The first time Wombarra resident Chris Stimson opened his eyes after suffering a life-threatening heart attack was when his son, a soldier who had been serving in Afghanistan, walked into his hospital room.
Henry Stimson left his unit in Tarinkot as soon as he learnt his father had been taken to hospital, travelling for 36 hours to be by his side.
"I got a message from my boss that dad had a heart attack and to call my mum as soon as I could," Major Stimson said.
"I spoke to mum and we made the decision that it would be best for me to come home."
Yesterday, Mr Stimson was presented with a Cardiac Arrest Survivor Award, recognising his out-of-hospital resuscitation, the success rate of which is a dramatically low 3 per cent.
Paramedics who were first on the scene estimated Mr Stimson's heart had stopped for up to 20 minutes, meaning his chances of survival were extremely slim.
Mr Stimson's wife Diana was just waking up on November 5 this year when she noticed her husband "suddenly lurch".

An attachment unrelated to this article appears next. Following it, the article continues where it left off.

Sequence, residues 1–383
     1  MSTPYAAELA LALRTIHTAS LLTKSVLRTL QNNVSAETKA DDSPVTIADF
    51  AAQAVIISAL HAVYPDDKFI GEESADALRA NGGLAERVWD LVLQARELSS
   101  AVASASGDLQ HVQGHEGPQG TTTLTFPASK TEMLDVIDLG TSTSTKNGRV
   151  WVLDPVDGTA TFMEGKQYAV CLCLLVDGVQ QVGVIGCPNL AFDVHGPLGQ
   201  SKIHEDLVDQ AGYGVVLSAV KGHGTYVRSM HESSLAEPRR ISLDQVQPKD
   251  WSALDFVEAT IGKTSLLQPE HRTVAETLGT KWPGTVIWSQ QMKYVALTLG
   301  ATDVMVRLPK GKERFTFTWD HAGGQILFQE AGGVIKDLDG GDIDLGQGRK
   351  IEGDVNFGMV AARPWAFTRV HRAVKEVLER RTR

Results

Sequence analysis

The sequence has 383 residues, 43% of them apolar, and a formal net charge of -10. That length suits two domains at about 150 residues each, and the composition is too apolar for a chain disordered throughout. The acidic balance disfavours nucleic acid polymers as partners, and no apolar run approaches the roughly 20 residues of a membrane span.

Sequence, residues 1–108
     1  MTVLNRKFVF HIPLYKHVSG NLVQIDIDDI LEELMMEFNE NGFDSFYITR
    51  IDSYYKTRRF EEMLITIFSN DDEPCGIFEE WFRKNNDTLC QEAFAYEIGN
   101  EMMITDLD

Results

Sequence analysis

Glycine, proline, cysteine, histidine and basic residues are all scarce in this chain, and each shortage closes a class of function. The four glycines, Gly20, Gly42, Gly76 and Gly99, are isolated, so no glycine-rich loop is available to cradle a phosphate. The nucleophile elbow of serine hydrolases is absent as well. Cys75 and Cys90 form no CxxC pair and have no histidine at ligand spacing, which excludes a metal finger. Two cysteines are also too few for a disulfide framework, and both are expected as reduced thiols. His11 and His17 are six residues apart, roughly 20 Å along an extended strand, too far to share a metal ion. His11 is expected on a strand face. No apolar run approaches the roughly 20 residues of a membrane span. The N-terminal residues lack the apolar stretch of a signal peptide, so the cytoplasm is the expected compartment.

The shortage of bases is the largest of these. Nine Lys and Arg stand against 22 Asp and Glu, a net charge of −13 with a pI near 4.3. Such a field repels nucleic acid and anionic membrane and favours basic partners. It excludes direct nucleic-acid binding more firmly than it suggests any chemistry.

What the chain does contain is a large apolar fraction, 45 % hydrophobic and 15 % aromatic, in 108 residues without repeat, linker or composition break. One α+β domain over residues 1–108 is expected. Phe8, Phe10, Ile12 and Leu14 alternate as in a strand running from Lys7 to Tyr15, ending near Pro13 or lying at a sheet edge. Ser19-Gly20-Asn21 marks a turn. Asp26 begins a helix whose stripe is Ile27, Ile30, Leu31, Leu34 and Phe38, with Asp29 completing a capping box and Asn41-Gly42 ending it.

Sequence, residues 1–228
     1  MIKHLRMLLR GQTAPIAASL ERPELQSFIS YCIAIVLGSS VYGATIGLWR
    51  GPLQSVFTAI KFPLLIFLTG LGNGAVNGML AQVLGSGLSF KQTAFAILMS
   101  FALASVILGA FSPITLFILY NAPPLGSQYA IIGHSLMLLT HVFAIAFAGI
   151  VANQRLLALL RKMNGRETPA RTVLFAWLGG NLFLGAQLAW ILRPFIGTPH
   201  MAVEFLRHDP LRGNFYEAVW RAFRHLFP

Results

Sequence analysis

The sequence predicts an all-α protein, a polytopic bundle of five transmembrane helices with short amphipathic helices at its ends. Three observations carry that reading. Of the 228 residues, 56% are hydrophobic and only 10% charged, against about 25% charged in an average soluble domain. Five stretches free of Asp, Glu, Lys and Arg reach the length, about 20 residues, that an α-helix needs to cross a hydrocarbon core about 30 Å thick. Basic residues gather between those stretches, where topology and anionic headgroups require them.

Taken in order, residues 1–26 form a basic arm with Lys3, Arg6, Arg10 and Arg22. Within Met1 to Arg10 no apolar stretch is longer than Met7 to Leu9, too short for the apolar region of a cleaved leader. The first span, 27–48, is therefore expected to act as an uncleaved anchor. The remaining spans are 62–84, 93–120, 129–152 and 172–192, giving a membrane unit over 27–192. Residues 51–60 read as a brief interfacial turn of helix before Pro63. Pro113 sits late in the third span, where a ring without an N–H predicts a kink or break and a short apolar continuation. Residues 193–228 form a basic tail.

"[He was] sitting bolt upright but he was totally unresponsive," she said.
"I tried to wake him ... but he wouldn't so I stopped bothering and called triple-0."
On the phone, Mrs Stimson, who happens to be a retired nurse, was instructed to commence CPR.
It was this action that has been credited with saving her husband's life.
"At the time I was overwhelmed, numb ... I didn't know I'd saved his life," she said.
Mrs Stimson maintained the compressions until the first ambulance arrived eight minutes later, when paramedics Matthew Vernon and Craig McCann took over. They were later joined by paramedics Carolyn Margetts and Howard Hughes.
"The paramedics were very cautious, it wasn't for 24 hours that they realised his chance of surviving was more likely than not," Mrs Stimson said.
"We still couldn't know how the deprivation of oxygen would affect him.
"But when Henry came home I took him into the hospital ... he said 'hello dad' and Christopher opened his eyes wide and stared at him."
Mr Stimson spent several more weeks in both Wollongong and Bulli hospitals.
A smoker since age 14, 72-year-old Mr Stimson has since given up the habit.
"I haven't had a cigarette since the incident and I don't intend to," he said.
"As boring as it sounds, take notice of health advice and do as you're told.
"We have so many people to be thankful for, from the call taker and paramedics, to the Department of Defence and the staff of Wollongong and Bulli hospitals."